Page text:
But is it too much, too late?
It wasn’t too long ago that young adult coming-of-age movies started to multiply in number upon the box office success of The Fault in Our Stars, which injected the usual teen drama formula with a high-stakes catch. What if you fell in love with someone who has terminal cancer?
This film trend has slowed down somewhat, with the exception of sappy imitators like last year’s Five Feet Apart, and now Words on Bathroom Walls, which rests its central premise on a new question for the genre: what if you fell in love with someone who has schizophrenia?
Directed by Thor Freudenthal, Words stars Charlie Plummer (Lean on Pete, All the Money in the World) as a high schooler named Adam who is diagnosed with schizophrenia after getting expelled for unintentionally hurting another student. At his new Catholic school, he sparks a potential romance with Maya, played by Taylor Russell (Escape Room, Waves), as well as an unlikely friendship with a priest played by Andy Garcia (Mamma Mia! Here We Go Again*). These relationships are tested, however, when Adam begins to weigh the pros and cons of using his medication, which can at times damage his daily lifestyle, including a desire to cook and eventually become a chef.
This is Freudenthal’s first film since Percy Jackson: Sea of Monsters, but like that film and Diary of a Wimpy Kid before it, his love of using special effects and animation to enhance the story are readily apparent, as Charlie doesn’t just hear voices, he can see the people talking to him. These voices manifest, at times, as benevolent friends ready to give Charlie advice, and at other times these voices become ambiguously dark forces trying to manipulate his actions for the worse. It’s a dynamic seemingly carried over from the eponymous novel by Julia Walton, and it succeeds in allowing room for the more intense risks of schizophrenia without falling into the appalling entertainment tropes of repeatedly depicting schizophrenic characters as inherently dangerous criminals.
Instead, the film explores the more human, authentic side of what living with this condition might actually be like, and how there are no easy answers or cures (Side note: as someone who is not schizophrenic, I highly recommend you seek out other reviews offering this perspective for a more well-rounded take on how this film succeeds or fails in its representation). If Charlie takes his medication, it does come with drawbacks he has to balance and consider. By damaging his ability to taste accurately, it can even hamper his cooking, one of the few things he can enjoy as part of his identity outside of his mental illness.
We’ve seen other movies like Silver Linings Playbook attempt more simplistic takeaways on this subject matter, insisting that love and personal responsibility will ultimately trump any sort of medical prescription. Words does a far better job laying out how hard this actually is, and how it can seriously damage relationships in the process. The film doesn’t always reckon with these behaviors in the most genuine way—Maya, who is unaware of Adam’s condition, is given explicit cause to distance herself from him multiple times, but she inexplicably ignores the red flags. The central romance is the key to the film’s desired connection with its audience, but it’s probably the sloppiest element of the story, despite strong performances all around.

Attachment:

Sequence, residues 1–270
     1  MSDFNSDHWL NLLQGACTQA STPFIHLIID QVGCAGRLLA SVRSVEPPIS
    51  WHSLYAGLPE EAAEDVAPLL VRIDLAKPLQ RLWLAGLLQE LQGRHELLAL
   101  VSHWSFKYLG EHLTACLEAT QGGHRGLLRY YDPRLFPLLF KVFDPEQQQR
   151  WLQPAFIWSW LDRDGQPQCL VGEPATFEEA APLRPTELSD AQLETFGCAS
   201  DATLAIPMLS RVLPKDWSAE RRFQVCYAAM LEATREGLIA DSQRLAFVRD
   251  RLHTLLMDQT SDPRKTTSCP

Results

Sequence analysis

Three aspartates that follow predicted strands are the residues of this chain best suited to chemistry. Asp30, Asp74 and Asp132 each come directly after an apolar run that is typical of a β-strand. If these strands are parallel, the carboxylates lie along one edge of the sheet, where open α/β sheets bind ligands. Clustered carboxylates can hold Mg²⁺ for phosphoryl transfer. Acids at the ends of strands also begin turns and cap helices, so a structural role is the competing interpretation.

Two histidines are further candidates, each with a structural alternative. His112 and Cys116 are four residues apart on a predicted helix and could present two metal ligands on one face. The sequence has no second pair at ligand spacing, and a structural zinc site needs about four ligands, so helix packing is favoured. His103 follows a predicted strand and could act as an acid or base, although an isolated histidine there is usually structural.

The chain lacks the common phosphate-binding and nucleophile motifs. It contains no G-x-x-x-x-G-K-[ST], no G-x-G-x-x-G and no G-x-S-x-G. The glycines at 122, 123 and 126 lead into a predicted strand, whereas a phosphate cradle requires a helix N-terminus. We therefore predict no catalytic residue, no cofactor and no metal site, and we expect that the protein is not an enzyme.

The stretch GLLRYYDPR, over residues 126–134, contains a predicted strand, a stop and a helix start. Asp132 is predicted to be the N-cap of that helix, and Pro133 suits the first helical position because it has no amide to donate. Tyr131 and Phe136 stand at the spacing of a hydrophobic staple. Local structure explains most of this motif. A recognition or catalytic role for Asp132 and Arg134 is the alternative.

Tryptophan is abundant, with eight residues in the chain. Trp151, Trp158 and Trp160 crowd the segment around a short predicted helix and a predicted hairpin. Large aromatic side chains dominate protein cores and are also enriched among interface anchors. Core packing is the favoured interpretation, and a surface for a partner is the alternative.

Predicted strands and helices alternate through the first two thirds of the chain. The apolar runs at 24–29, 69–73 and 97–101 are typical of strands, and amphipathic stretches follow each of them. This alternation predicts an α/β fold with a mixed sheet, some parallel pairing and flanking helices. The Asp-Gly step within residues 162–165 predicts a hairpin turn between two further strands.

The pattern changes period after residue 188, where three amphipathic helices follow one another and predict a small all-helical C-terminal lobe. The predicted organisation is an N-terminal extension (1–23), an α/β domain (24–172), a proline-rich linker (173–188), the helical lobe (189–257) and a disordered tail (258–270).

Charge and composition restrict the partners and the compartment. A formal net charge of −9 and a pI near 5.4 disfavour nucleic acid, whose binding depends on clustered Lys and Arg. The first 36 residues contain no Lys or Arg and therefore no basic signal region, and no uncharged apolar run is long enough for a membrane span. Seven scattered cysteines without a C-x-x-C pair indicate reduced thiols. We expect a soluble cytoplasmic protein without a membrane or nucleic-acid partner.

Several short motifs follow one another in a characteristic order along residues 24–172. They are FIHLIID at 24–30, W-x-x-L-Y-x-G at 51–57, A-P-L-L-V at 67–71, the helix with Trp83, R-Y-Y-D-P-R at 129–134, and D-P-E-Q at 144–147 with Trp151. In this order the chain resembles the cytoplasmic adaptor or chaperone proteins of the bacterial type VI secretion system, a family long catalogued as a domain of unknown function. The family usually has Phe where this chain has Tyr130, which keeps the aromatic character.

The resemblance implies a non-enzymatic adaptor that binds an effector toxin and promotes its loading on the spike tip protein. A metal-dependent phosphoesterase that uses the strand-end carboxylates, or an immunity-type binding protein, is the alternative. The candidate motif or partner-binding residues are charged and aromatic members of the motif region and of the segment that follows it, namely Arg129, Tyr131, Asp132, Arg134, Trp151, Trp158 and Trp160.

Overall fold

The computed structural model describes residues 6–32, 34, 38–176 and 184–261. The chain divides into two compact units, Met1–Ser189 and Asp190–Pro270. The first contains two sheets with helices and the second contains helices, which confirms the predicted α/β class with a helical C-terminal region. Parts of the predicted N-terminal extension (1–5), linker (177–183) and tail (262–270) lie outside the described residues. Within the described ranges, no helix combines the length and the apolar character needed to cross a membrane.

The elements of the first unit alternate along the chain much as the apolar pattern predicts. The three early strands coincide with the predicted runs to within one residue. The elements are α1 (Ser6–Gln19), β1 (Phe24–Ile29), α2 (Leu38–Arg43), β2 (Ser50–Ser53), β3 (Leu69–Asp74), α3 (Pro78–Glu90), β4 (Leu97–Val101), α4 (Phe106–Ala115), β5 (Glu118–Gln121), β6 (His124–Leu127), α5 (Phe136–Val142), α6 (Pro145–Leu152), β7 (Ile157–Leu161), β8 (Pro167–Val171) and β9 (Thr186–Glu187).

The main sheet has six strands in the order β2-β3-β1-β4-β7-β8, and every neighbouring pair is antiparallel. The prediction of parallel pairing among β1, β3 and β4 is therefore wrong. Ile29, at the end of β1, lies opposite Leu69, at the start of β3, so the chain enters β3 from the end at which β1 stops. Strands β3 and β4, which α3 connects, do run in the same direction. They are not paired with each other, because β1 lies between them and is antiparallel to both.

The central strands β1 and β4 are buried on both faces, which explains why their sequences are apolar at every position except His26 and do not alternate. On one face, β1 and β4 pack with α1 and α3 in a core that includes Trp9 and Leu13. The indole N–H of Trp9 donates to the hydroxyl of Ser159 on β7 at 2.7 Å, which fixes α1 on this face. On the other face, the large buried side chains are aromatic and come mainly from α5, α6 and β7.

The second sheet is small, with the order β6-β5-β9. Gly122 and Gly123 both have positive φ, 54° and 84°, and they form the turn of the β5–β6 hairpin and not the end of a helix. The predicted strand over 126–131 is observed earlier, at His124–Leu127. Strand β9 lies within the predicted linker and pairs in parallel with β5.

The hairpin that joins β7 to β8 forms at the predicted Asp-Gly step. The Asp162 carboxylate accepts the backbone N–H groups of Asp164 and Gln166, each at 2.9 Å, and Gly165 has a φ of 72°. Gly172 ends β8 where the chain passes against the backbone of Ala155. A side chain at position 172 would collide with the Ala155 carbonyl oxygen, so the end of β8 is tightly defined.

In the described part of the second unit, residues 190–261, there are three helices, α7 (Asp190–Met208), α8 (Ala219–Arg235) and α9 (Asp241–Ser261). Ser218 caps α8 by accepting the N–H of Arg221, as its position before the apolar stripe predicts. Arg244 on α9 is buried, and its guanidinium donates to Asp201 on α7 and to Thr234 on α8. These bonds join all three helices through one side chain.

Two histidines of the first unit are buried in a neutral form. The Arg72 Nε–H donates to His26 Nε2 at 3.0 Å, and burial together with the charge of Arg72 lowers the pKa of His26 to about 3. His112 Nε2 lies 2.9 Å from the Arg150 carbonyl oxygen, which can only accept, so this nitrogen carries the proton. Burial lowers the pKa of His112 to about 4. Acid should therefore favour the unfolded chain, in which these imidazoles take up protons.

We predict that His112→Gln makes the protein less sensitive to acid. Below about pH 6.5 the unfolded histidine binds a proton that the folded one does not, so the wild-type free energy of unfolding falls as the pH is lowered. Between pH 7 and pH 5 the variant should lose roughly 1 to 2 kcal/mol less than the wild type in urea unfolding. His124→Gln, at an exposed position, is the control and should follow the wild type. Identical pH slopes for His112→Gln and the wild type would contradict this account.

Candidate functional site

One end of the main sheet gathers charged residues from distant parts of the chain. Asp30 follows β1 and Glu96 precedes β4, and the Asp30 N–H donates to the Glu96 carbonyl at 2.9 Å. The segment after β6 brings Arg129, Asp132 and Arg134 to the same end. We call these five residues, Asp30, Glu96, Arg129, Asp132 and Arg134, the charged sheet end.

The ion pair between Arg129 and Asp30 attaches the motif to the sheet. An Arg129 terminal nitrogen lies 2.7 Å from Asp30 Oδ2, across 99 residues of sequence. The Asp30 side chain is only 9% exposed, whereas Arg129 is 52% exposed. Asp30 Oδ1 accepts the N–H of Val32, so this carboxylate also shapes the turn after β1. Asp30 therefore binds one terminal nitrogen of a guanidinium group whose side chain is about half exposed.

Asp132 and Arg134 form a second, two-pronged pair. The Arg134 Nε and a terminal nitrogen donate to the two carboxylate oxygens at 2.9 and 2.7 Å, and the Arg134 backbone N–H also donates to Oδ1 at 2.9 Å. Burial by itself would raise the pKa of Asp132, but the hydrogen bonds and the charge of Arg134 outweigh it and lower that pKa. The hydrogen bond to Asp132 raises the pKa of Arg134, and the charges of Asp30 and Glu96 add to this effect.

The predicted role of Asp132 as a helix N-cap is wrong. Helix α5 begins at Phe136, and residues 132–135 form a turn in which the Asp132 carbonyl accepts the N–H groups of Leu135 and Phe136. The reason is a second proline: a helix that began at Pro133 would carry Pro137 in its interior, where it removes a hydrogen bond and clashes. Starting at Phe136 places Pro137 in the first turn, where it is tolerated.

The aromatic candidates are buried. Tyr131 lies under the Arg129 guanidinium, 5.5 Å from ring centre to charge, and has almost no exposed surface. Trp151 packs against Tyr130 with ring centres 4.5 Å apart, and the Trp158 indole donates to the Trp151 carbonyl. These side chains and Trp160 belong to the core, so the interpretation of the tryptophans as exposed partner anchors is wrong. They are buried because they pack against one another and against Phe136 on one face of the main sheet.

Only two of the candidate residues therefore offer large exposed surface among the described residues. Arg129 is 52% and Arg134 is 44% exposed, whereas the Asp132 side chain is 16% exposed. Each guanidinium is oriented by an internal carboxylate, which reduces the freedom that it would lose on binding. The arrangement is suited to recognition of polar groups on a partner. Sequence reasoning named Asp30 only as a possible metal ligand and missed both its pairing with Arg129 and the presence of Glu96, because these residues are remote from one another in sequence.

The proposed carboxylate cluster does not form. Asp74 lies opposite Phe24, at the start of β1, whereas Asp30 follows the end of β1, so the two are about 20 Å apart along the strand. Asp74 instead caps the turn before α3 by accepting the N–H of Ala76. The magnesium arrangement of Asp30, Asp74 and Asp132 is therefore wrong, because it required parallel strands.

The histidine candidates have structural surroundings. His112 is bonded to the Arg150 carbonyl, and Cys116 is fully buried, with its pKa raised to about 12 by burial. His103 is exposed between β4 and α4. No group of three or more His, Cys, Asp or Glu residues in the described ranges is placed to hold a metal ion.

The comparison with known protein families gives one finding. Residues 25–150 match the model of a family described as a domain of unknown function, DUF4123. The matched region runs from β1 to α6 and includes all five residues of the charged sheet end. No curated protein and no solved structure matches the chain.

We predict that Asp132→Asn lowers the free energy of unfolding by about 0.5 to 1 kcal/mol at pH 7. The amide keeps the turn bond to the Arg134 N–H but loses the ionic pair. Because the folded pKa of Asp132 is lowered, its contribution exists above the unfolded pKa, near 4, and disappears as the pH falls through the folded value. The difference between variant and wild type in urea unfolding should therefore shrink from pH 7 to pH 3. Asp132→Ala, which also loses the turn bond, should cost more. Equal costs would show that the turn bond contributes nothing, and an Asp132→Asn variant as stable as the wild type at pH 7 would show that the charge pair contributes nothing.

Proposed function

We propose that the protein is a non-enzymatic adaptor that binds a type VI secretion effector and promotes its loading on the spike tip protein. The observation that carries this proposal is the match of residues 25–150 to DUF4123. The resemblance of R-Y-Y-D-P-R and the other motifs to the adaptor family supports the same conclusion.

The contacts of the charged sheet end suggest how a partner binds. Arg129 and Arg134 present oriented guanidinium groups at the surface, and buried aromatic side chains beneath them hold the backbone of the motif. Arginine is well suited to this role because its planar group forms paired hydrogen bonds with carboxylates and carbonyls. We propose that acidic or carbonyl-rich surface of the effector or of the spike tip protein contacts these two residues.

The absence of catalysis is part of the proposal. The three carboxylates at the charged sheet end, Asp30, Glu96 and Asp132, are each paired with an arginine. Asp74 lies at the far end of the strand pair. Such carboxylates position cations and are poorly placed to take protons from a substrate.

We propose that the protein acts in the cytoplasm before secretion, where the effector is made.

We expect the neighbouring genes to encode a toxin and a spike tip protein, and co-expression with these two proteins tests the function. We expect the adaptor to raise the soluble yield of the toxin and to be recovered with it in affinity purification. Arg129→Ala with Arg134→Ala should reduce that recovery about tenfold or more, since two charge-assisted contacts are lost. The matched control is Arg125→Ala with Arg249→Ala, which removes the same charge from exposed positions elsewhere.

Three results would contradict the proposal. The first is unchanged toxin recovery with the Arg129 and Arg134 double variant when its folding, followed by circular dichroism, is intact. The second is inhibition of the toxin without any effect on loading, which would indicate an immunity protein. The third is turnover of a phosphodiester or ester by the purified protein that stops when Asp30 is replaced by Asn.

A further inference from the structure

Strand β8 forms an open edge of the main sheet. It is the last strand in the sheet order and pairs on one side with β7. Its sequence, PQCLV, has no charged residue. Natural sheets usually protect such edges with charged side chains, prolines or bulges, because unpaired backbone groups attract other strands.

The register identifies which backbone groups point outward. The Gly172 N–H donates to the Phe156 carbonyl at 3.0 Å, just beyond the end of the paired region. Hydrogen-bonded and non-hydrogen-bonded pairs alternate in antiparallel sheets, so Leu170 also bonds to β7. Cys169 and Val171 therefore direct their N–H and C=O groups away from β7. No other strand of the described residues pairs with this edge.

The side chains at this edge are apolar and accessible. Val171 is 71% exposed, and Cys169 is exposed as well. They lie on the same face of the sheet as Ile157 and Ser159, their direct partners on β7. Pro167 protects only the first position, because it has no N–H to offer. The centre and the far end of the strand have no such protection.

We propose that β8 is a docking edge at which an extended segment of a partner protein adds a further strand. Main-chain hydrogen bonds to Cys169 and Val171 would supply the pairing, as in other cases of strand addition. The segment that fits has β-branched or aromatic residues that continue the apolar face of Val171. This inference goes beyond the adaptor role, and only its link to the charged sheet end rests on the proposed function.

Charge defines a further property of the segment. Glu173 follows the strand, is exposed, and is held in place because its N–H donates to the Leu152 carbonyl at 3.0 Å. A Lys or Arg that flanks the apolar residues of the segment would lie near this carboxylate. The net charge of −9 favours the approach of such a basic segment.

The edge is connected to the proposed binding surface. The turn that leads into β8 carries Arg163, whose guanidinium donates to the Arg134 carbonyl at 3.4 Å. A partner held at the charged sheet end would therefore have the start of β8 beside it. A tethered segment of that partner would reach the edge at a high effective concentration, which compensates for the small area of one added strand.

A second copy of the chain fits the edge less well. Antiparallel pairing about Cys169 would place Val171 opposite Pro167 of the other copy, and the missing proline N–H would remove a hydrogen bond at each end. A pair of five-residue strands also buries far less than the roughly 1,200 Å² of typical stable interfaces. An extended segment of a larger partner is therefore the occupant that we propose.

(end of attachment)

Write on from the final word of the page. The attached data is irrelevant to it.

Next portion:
The main problem is that the relationship is a bit rushed and unearned, as Adam is mostly shy and socially awkward throughout, yet he somehow charms his way to Maya’s heart without much effort. This is probably more noticeable because of how weakly written their romance is compared to the far more convincing and ultimately satisfying love story depicted in last year’s Waves, where Russell played against Lucas Hedges in a coming together that felt far more developed in about half the time needed.
Still, it’s hard not to get emotionally invested in Adam’s story as it relates to the ensemble as a whole. His troubled tension with his mother, played by Molly Parker (Madeline’s Madeline), is easily the most nuanced and compelling, because it’s easy to see why he’s feeling left out of her new relationship, but in her defense, she’s been an attentive, if not reasonably flawed, parent trying her best to love her son for who he is, even when it’s not convenient. Her boyfriend, played by Walton Goggins (The Hateful Eight) gets a far more predictable sub plot by comparison, but it essentially sums up this film’s offering to its audience: predictable, but sweet enough to enjoy anyway.
Overall, the film is far more interesting in terms of how it’s technically put together over how it ultimately lands as a story, despite how truly inspiring it will likely be for many who watch it. The music, produced by The Chainsmokers and Andrew Hollander, is far more subdued and detailed to each scene than you might expect from their involvement, as it’s their first time working on a film score. And Michael Goi’s cinematography lends occasional flair to what might’ve otherwise been effectively dull, high school scenery. He takes advantage of the film’s Catholic school backdrop to evoke operatic, often heavenly contrasts to the intensely messy human experiences had by these characters. Religion tends to offer black and white lessons, so it’s fitting to see Adam struggle with that proposition when his life is anything but simple. The film obviously can’t portray the exact, perfectly-realized life of someone who has schizophrenia, as this can be a highly different experience for many people. But it does take its audience a lot further than most other films trying the same.
* Yes, I know he was in other things, but I don’t care.
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